Monday, March 31, 2008


On Friday, Matt Stoller argued that America's fondness for war-tested presidents is overstated:

...1992, 1996, 2000, and 2004 all saw the candidate without military service elected over the candidate who had served, in several cases heroically.

... while the conservative myth is dominant in the political press, there's no just no evidence voters want a hero for President.... Or at any rate, since 1992, voters keep voting against the hero. So don't be lulled by McCain's narrative into thinking it's a sign that he's a tough candidate. That's what John Kerry thought when he took on George Bush. Bush might be President, but Kerry was a hero in Vietnam, and surely the American people would trust a hero with national security....

The obvious answer with regard to Kerry is that he was a Democrat, and the GOP and the press can always find a way to discredit a Democratic presidential candidate, however brave and honorable his service.

But what about the other years Stoller mentions, especially 1992 and 1996? Well, all those elections took place between the fall of the Berlin Wall and 9/11. More important, I think, in all four of the years Stoller mentions, the veteran was the candidate the press didn't want to have a beer with. The beer factor trumps a lot, even Bob Dole's significant impairment as a result of war wounds.

McCain suffered far more in war than Gore (who never saw combat), Kerry, Poppy Bush, or even Dole. McCain is the only one of these candidates apart from Kerry to try to market himself as a wounded warrior in a time of conflict -- and Kerry was both a Democrat (i.e., a member of a discredited party) and a man better known as a war opponent than a war hero.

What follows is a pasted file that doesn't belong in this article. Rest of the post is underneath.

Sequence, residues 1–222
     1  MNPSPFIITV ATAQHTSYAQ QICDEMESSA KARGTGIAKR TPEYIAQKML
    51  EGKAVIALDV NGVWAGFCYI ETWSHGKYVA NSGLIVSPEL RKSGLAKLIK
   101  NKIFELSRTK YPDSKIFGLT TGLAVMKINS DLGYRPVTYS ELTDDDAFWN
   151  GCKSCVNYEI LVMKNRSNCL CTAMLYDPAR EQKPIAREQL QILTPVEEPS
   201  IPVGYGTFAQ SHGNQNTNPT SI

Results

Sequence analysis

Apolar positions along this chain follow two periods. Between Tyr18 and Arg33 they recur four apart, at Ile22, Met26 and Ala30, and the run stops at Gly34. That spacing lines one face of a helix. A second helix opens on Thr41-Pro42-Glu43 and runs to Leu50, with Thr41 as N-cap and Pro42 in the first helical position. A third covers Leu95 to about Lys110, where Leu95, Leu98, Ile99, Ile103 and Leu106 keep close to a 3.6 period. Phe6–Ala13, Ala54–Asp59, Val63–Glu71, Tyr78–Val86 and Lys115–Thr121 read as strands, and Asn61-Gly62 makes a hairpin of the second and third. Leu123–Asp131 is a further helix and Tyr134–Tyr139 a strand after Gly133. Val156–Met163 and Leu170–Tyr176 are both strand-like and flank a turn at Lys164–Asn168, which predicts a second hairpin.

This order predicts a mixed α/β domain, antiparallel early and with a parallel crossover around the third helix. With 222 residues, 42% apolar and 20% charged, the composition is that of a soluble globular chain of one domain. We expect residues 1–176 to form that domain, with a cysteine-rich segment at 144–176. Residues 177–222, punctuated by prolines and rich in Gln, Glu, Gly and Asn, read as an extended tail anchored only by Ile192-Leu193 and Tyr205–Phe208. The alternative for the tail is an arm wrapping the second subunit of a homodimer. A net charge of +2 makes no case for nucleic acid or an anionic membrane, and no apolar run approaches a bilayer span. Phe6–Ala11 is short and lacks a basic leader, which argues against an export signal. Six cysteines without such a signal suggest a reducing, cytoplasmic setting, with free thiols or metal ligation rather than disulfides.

And, most important, the press thinks McCain is beer-worthy, whereas the press found Clinton (twice) and George W. Bush (twice) more beer-suitable than the veterans they ran against.

I don't know how this election will work out. We'll have a rare beer-worthy charismatic Democratic candidate in the Clinton/JFK mold (the National Beer Wholesalers Association has already determined that the public vastly prefers Obama to either McCain or Clinton as a suds companion). But it's wartime, and McCain may be the press's preferred drinking partner. And his war suffering was on another level altogether. So this election year may be different from the last four.


And in today's New York Times, William Kristol also ticks off the last four elections and notes that "Democracies don't always elect the man who has done the most for his country."

Nice to know, now that it doesn't matter, that Kristol actually honors the service of Kerry and Gore, in both war and peace. But to his main point -- that McCain needs more than just biography to get elected -- I'd say: Yes, that's true, but he doesn't necessarily need what Kristol thinks he needs. He may not need "a broad reform agenda, including "an up-to-date, capitalism-friendly and transparency-requiring approach to regulating the credit markets." He may just need to keep buttering up the press.

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